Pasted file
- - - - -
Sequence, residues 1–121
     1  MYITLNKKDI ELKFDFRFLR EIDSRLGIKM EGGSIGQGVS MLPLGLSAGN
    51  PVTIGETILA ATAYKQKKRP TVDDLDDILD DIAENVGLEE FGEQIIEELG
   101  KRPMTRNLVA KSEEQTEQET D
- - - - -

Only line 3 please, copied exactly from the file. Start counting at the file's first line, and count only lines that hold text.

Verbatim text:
    51  PVTIGETILA ATAYKQKKRP TVDDLDDILD DIAENVGLEE FGEQIIEELG